In the Southeast, the Cherokees, Chickasaws, Choctaws, and Creeks lived in towns. Often the chief's house was built on a burial mound; other significant buildings, such as those used for town council or for worship, might also be situated on top of mounds. Houses were constructed of timber and wattle and daub, a clay and grass plaster placed over woven laths of rods or cane; roofs were normally made of thatch, bark, or palmetto leaves. Council houses, also made of wattle and daub, were built for special meetings and assemblies and could hold up to 500 Indians on tiers of raised platforms.

Many Plains agricultural groups lived in earthlodge villages. An earthlodge was usually forty to sixty feet in diameter, but could be larger. Typically, a twelve-post circular arrangement served to support the walls and roof, with a central four-post-and-beam structure used to support the 100 or so rafters. The roof was made of willow branches and prairie grass and topped with sod. These lodges were used during the agricultural season. During hunting season, the Indians would follow the game employing portable housing. Tipis, designed around a three-or four-pole foundation, were covered with buffalo hides. When Indians moved from place to place, dogs carried the poles and hides. Only with the advent of horses did many Plains Indians take up a nomadic existence with large tipis that could be moved by large pack animals.

In the far north, Eskimos survived the dark frigid artic in winter houses or igloos. Winter houses were partially sunk into the ground and their frames were made of whatever could be found nearby: walls were made of rocks or sod, roof supports, of whale bones or driftwood. Layers of seal or walrus skins were covered with dried moss or sod and used for roofs. A long entranceway that angled down and then back up was used to eliminate chilling windblasts and required inhabitants to climb through a trapdoor into the interior. Igloos were made of snow blocks angled and tilted to form a dome. They also featured a long entrance passage. In summer, Eskimos lived in tents of skins covering wooden frames with and without ridgepoles.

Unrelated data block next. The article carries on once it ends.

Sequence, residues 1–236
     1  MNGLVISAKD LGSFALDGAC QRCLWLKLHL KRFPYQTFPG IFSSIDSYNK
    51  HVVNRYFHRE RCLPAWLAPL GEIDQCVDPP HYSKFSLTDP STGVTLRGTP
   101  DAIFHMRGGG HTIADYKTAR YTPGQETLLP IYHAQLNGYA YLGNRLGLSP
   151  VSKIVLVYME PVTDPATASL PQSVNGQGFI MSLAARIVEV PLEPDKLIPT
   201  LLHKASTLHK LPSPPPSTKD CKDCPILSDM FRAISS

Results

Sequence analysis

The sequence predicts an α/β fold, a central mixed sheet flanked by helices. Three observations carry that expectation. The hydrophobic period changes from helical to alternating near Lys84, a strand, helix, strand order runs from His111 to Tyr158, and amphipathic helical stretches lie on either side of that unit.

Along the Northwest Pacific Coast, Indians harvested planks for their homes from dense cedar forests. They used post and beam construction with rafters to build longhouses (averaging sixty-feet long) for multiple families. They grouped these houses in winter villages facing the shore. Shed roofs and gabled roofs were made with rocks to hold roof planks in position. In summer, many Indians took planks from their homes to use at salmon fishing camps, while others built temporary lean-to dwellings out of brush and cedar-bark mats.

In the Southwest, Indians built dwellings four or five stories high using stone or sun-dried adobe bricks and mortar. Towns were comprised of clustered multiroomed houses with connecting rooftops, interior passageways, underground religious chambers (kivas), public plazas, and work terraces. Steps and ladders led to upper floors. The probable ancestors of these Pueblo Indians were the Anasazis, who built cliff dwellings archeologists believe suggest the use of sophisticated architects and construction contractors.


Ferguson, William M. The Anasazi of Mesa Verde and the Four Corners. Boulder: University Press of Colorado, 1996.

Morgan, William N. Precolumbian Architecture in Eastern North America. Gainesville: University Press of Florida, 1999.

Nabokov, Peter, and Robert Easton. Native American Architecture. New York: Oxford University Press, 1989.

Wedel, Waldo R. Central Plains Prehistory: Holocene Environments and Cultural Change in the Republican River Basin. Lincoln: University of Nebraska Press, 1986.

Veda BoydJones

See alsoAdobe ; Indian Technology ; Tipi ; Wigwam .

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Architecture, American Indian